- in the specialisation Colonial and Global History: how global (political, socio-economic, and cultural) connections interact with regional processes of identity and state formation; hence insight in cross-cultural processes (including the infrastructure of shipping and other modes of communication) that affect regions across the world such as imperialism, colonisation, islamisation, modernisation and globalization (in particular during the period 1200-1940);
- in the subspecialisation Maritime History also: the development of maritime history from the 16th century onwards; insight into recent issues in the field.
- Thorough knowledge and comprehension of the theoretical, conceptual and methodological aspects of the specialisation or subspecialisation in question, with a particular focus on the following:
- in the specialisation Colonial and Global History: empirical research from a comparative and connective perspective;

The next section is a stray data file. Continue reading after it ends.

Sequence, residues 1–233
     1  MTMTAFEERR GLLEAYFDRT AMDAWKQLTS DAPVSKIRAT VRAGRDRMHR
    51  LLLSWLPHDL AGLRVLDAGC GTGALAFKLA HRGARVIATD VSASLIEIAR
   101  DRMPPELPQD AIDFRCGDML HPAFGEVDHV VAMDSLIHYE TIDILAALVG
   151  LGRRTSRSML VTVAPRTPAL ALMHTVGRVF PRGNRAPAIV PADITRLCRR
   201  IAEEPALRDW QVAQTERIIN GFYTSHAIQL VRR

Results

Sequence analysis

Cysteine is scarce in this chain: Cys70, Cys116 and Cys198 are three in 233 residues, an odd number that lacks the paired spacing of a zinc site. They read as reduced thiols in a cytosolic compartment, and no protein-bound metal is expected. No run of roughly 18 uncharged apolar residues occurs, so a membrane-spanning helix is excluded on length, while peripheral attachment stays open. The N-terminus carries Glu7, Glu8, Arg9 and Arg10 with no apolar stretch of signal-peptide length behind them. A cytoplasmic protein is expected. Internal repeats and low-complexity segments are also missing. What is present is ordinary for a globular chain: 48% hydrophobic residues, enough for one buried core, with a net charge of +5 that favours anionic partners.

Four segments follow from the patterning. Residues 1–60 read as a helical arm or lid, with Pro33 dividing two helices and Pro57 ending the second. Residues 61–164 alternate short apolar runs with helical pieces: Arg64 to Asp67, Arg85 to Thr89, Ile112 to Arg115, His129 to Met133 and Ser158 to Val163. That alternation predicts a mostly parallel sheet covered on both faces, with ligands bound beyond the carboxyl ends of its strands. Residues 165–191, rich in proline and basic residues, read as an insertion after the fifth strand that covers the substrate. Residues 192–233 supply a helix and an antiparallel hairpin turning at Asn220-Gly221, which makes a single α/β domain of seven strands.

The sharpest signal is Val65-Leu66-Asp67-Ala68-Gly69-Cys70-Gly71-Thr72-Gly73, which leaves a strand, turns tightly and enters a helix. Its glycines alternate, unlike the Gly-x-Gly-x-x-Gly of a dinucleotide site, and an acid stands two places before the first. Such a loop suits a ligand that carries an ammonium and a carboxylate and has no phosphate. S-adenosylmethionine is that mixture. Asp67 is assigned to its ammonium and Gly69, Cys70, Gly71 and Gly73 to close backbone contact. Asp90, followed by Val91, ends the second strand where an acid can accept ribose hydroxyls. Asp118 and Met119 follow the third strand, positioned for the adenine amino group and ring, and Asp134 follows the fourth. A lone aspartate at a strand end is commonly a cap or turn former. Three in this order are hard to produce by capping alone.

- in the subspecialisation Maritime History also: comparative research; archive research.
Learning objectives, pertaining to this Research Seminar
The student has gained:
- Knowledge of, and insight into, the historiographical debates of maritime history and maritime archeology;
- Empirical research from a comparative and multidisciplinary perspective;
- Working with a large variety of archival sources, collections of newspapers and literature;
- Insight into Dutch shipping (disasters) and the increasing global maritime network.